As a travel and food blogger, eating is an important part of all my travels – my itineraries are often totally organised around different restaurants or food at any given destination! However, the art of travel is more than just eating or scoping out the best food joints off the street; I like to gain a deeper understanding of the cultures, history, architecture and customs of a particular city or region as all these elements contribute to the development of local and regional culinary cultures. Let the gastronomic adventures begin!
Once a British colony, Hong Kong has transformed itself from a small fishing village into an international financial powerhouse, and self-proclaimed ‘Asia’s World City’. It is no coincidence that HK has earned its reputation as the culinary capital of Asia too, focusing not just on Cantonese but a wide spectrum of regional Chinese, as well as Western cuisines to satisfy each and every food craving – a harmonious synergy between tradition and modernity!
Hidden in the middle of Hong Kong Central Business District (CBD), Luk Yu Teahouse is a three-storey restaurant that has remained relatively unchanged since 1933. Guests can experience a sense of history from its half-century old decor, listen to staff recount their years of service dating back to the early 1960s and order plenty of traditional Cantonese dim sum directly from staff carrying dim sum trays around their necks. Be sure to order the famed Pig’s Lung and Almond Soup for dinner, and don’t miss out on some “vintage” dim sum such Pig’s Liver Siu Mai Dumplings and Lotus Leaf Rice.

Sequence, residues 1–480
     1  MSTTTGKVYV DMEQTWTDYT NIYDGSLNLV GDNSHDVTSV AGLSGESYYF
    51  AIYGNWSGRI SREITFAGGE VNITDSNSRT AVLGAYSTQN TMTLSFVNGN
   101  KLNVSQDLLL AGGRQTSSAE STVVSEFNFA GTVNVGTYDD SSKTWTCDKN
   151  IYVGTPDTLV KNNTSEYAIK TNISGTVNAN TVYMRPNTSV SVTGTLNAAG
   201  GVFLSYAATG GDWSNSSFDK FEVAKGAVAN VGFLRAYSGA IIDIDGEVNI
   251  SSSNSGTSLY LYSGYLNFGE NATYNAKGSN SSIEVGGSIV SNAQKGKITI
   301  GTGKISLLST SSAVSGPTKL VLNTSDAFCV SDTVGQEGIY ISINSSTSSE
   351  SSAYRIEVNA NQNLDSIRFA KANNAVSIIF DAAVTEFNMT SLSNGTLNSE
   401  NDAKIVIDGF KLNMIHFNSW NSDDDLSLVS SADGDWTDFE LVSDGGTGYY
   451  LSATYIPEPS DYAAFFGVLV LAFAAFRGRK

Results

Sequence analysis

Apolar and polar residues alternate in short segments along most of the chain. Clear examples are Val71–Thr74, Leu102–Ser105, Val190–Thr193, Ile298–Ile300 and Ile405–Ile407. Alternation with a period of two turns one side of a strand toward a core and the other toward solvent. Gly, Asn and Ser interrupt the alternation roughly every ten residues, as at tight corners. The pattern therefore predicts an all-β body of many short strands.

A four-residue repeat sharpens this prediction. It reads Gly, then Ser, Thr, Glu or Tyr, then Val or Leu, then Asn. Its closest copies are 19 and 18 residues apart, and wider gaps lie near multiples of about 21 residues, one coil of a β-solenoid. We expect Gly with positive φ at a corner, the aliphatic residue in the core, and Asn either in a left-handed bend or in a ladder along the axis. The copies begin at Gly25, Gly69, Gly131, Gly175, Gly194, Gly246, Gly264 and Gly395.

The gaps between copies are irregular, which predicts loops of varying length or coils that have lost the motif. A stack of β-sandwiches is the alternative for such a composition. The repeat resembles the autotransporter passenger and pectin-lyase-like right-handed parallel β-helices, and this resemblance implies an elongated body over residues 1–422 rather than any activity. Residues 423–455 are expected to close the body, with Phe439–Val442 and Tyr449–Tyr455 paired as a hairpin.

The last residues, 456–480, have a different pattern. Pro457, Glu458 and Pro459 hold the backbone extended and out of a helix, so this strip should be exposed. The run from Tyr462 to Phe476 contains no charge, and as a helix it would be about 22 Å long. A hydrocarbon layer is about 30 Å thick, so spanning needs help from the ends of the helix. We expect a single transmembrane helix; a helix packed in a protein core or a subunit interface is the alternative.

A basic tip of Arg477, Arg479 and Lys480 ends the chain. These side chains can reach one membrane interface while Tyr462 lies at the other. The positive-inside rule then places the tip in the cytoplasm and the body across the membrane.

Luk Yu Tea House G/F – 3/F, 24 Stanley St, Central
Hong Kong’s vibrant food scene is in a constant state of flux – restaurants and chefs alike. After a short break from his previous successes in Hong Kong, chef entrepreneur Harlan Goldstein made his big return with Gold by Harlan Goldstein; don’t be fooled by some of the other “Harlan’s” in town, and check for his full name to ensure the restaurant is the real deal! Don’t be surprised if Harlan himself walks up to your table every now and then for a chit-chat and feel free to ask him for cooking tips. The crispy oysters are a must if you are looking for something exciting to stimulate your taste buds with contrasting yet complimentary textures and flavours. Another must-order is the signature dish of Hokkaido sea scallop carpaccio with a slow-cooked egg and white truffle dressing.
Check out Sassy’s review of another Harlan Goldstein restaurant, Striphouse, here!
Gold 2/F, LKF Tower, 33 Wyndham St, Central
There is a piece of land (until recently farmland) opposite Taipei 101 and Taipei World Trade Centre that remained un-developed over the years because its indigenous residents refuse to sell the plot to the government or property developers. Originally the site of Xi Xi South Village (四四南村), this has now been transformed into Xinyi Citizen Assembly Hall (信義公民會館), an official historical site for museums and a work site for Taiwan’s various creative and cultural preservation groups. Located inside is Good Cho’s Bagel, Cafe and Goods – yes, bagels! Definitely worth a trip.
Good Cho’s Bagel Café & Goods, 54 Songqin Street, Xinyi District, Taipei City, Taiwan, +866 02 2758 2609 (closed Mondays)